The Commodore 64 Turns 30
The Commodore 64 (C64) was an 8-bit home computer that was introduced in January 1982 by Commodore International and began shipping in August 1982. The C64 took its name from its 64 kilobytes (55,535 bytes) of RAM, and had favorable sound and graphics when compared to other more expensive systems back then like the Apple II. It also competed with the Atari 8-bit 400 and 800. Back in the mid 1980s the C64 became the best-selling single personal computer model of all time with sales of nearly 17 million units! The Commodore 64 cost $595, affordable when it came out in 1982. According to the United States Department of Labor that $595 price tag in 1982 is comparable to about $1,415 in 2012 after you factor in inflation.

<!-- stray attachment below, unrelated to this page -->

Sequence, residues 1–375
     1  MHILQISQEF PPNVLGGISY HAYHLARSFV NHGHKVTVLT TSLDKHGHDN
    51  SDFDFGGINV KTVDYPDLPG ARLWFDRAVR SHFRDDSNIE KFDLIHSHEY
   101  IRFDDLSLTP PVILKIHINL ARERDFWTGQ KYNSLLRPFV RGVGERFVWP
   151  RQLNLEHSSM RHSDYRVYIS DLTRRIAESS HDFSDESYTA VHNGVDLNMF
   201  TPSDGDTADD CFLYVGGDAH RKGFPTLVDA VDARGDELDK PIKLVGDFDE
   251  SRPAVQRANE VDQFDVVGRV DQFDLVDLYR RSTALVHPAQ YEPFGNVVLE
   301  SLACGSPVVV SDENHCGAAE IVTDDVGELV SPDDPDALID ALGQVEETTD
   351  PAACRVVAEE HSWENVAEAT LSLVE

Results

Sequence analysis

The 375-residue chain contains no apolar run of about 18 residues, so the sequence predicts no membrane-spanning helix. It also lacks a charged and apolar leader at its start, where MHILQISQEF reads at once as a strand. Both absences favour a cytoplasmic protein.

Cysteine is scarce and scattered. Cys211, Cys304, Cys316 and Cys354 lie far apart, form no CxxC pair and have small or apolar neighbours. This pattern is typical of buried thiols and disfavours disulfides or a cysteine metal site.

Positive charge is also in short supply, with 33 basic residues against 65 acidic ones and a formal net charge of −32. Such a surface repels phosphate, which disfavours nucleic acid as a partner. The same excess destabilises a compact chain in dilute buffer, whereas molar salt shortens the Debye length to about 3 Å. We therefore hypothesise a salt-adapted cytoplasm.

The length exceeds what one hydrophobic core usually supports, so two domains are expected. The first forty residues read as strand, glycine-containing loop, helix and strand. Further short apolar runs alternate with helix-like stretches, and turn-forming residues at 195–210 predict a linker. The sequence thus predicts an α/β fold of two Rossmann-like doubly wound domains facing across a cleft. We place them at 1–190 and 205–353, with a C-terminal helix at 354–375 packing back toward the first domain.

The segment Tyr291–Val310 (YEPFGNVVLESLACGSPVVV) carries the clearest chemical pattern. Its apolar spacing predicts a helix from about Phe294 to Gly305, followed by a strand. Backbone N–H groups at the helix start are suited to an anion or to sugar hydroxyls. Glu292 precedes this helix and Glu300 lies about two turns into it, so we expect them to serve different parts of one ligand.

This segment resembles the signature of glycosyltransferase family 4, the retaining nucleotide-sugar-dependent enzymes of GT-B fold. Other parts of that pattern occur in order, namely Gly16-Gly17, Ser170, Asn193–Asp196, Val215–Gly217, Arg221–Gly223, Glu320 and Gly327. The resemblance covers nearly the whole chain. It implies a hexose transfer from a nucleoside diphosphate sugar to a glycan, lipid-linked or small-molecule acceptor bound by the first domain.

The machine was hugely successful for its time, helping to encourage personal computing, popularize video games and pioneer homemade computer-created music. Commodore highlighted the fact that since it had designed and manufactured its own chips, it had been able to keep costs down -- and the advantage helped it become the best-selling model in North America. The Commodore's ability to display 16 colors, smoothly scroll graphics and play back music through its superior SID (sound interface device) chip -- even while loading programs off tape -- helped win over fans, but it did not become the market leader until the late 1980s.